“Think like a lawyer but look beyond the law”- Mirul Bhavsar, Head of Legal, Manipal Academy of Higher Education

This Interview has been published by Pragya Chandni and The SuperLawyer Team

Could you share a bit about your journey into the legal profession, particularly what inspired you to pursue a career in law and how your background in psychology has influenced your legal acumen?

This question is very close to my heart and in its answer lies my firm belief that ‘God’s plan is always better than yours’. I am an accidental lawyer and have never even dreamed of becoming one. I was an absolute introvert in my teens. I was on the verge of getting my bachelor’s degree with a major in psychology but was unsure how to transition that knowledge into a career. Back then, I was terrified by the thought of interacting with people. There were also financial constraints. One day while taking a random stroll in the college lobby, I saw a notice of admission to the evening law degree program run by my college. It was a 3 year program, with no requirement of CLAT and the fee was also very nominal. I was always very much inclined towards reading and had an analytic mind. Piles of books never scared me rather, I found solace amidst them. I have spent more time at the library than at the lectures. The legal profession is always considered as a noble and respectable profession. So, it ticked all the boxes for me.

Within 2-3 years of working as a lawyer, I really started enjoying my work. As a lifelong psychology student (it is still my favorite subject), I am aware of my personality traits, such as an eye for detail, logical thinking, understanding of human behavior, convincing power, and excellent listening and empathy, all that psychology has taught me. These traits are equally, if not more, required to be a competent lawyer. By then, I had also realized that litigation is not something I would not like to do on a daily basis, and I have a knack for good writing skills; thus, I started focusing on documentation, contracting, and written opinions.

With your extensive experience across diverse industries such as education, oil and gas, retail, and real estate, could you highlight some key challenges you’ve faced and how you navigated them, especially considering the varied regulatory landscapes of these sectors?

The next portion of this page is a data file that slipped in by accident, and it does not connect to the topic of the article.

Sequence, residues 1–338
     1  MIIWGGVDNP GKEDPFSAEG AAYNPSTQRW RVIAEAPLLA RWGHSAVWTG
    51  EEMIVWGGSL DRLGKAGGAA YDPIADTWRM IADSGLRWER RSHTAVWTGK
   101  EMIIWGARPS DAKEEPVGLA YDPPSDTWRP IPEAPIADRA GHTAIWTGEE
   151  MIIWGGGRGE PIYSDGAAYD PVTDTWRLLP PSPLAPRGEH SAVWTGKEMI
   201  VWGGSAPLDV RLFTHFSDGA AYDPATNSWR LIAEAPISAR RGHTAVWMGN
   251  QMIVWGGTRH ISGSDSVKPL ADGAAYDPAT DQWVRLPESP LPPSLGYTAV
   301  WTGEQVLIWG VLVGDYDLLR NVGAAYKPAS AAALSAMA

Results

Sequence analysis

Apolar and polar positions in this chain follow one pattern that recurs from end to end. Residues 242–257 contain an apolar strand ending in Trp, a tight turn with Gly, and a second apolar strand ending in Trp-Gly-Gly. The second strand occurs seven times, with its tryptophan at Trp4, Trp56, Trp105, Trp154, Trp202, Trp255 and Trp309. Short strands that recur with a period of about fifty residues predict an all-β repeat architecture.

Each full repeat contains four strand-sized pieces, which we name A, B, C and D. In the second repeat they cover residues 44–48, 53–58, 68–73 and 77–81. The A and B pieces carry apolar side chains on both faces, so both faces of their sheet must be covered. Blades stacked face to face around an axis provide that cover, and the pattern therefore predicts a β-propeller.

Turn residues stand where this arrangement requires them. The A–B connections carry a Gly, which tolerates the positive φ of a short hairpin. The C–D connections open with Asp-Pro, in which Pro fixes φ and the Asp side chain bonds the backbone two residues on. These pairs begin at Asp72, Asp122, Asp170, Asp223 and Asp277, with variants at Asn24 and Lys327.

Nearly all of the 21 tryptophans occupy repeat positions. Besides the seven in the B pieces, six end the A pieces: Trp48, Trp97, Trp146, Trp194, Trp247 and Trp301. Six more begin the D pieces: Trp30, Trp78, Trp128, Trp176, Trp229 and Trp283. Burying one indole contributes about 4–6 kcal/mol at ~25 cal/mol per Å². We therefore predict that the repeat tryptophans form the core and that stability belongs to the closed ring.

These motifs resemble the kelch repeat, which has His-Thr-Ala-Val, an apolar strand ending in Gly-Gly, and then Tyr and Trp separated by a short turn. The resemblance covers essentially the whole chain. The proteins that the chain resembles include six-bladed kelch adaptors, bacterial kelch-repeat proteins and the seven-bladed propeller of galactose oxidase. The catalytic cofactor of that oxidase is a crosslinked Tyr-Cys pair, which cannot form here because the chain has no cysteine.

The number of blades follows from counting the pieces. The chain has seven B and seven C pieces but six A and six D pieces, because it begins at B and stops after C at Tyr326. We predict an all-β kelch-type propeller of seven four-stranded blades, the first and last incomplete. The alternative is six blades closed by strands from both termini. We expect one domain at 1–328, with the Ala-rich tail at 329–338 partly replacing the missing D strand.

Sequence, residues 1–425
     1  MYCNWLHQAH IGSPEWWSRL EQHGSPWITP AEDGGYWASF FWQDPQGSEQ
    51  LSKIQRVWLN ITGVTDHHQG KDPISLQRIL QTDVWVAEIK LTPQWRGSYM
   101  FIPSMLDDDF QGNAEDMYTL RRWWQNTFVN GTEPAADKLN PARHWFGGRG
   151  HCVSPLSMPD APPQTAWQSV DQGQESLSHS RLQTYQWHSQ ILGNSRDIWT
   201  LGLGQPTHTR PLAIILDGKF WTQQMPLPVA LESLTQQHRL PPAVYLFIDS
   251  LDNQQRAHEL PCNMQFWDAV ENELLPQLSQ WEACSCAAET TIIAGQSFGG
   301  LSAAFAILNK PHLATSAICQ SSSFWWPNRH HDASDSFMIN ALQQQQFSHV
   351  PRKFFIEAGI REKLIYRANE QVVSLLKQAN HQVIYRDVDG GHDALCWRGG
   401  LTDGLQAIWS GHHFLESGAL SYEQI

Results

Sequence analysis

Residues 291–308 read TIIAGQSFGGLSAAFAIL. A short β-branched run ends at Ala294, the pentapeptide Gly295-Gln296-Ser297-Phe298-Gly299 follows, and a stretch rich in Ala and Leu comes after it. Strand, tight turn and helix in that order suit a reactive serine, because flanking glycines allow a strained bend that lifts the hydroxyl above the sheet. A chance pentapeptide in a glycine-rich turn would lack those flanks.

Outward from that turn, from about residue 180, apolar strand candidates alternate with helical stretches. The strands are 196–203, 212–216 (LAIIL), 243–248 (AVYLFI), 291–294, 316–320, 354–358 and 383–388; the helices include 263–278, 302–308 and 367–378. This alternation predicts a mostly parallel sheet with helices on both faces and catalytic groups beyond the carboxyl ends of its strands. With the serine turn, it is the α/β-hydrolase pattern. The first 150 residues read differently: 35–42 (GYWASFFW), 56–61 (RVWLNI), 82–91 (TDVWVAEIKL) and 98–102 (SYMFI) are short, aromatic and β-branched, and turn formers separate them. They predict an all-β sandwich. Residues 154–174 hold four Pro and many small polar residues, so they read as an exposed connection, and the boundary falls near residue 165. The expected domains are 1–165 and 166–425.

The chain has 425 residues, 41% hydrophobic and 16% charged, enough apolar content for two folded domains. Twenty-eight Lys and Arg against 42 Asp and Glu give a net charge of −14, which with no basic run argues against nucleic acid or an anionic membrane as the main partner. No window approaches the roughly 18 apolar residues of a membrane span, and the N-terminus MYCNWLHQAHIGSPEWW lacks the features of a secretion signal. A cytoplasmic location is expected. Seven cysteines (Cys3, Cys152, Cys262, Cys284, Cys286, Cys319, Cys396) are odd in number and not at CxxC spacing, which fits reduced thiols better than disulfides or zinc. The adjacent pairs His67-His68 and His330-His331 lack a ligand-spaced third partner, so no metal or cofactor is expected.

In the corporate world, legal and regulatory compliance are like two sides of the same coin. Lawyers typically deal with laws and contracts, while compliance officers ensure that a company follows industry rules. Inhouse lawyers handle both by balancing what’s legally required with what’s needed to keep the business running smoothly. They stay ahead by knowing the laws inside out and understanding the operational dynamics of the industry they cater to. Working closely with operation teams and advance planning helps the company avoid or at least anticipate issues and stay on track. In-house lawyers act like guides so businesses can focus on sales, customer delight, production or R and D but within the corners of the laws and regulations. 

I will put retail and real estate in the same bucket as retail highly depends on real estate availability. In India, we celebrate and are proud of our ‘Unity in Diversity; approach, but ask this to a lawyer handling PAN India real estate title due diligence! There is a lot of dependency on local languages and systems (or its absence) for maintaining land/revenue records at government offices and local municipal laws. When you started the project, the area was under gram panchayat, and by the time the project was complete, the exact location would have fallen within the municipality’s limits. Additionally, you must understand the operations in detail to ensure that landlords give you the required leeway to utilize the property efficiently. Negotiating with different categories of landlords and developers has honed my negotiation skills.